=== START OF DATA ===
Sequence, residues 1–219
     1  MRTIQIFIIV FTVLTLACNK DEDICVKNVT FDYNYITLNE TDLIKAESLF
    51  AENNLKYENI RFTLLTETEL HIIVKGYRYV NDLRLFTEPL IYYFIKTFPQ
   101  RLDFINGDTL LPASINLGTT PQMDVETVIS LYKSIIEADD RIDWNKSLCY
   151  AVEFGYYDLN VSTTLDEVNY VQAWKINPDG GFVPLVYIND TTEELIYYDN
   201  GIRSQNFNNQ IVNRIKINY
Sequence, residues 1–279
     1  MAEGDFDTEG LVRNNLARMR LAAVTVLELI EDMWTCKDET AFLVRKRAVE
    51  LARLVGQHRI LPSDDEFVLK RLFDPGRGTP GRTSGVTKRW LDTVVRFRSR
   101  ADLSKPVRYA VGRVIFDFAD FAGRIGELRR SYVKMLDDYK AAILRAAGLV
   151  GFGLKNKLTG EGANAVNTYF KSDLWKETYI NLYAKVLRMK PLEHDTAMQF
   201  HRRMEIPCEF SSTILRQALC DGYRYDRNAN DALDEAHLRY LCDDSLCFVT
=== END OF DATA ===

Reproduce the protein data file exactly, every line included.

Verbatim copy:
Sequence, residues 1–219
     1  MRTIQIFIIV FTVLTLACNK DEDICVKNVT FDYNYITLNE TDLIKAESLF
    51  AENNLKYENI RFTLLTETEL HIIVKGYRYV NDLRLFTEPL IYYFIKTFPQ
   101  RLDFINGDTL LPASINLGTT PQMDVETVIS LYKSIIEADD RIDWNKSLCY
   151  AVEFGYYDLN VSTTLDEVNY VQAWKINPDG GFVPLVYIND TTEELIYYDN
   201  GIRSQNFNNQ IVNRIKINY
Sequence, residues 1–279
     1  MAEGDFDTEG LVRNNLARMR LAAVTVLELI EDMWTCKDET AFLVRKRAVE
    51  LARLVGQHRI LPSDDEFVLK RLFDPGRGTP GRTSGVTKRW LDTVVRFRSR
   101  ADLSKPVRYA VGRVIFDFAD FAGRIGELRR SYVKMLDDYK AAILRAAGLV
   151  GFGLKNKLTG EGANAVNTYF KSDLWKETYI NLYAKVLRMK PLEHDTAMQF
   201  HRRMEIPCEF SSTILRQALC DGYRYDRNAN DALDEAHLRY LCDDSLCFVT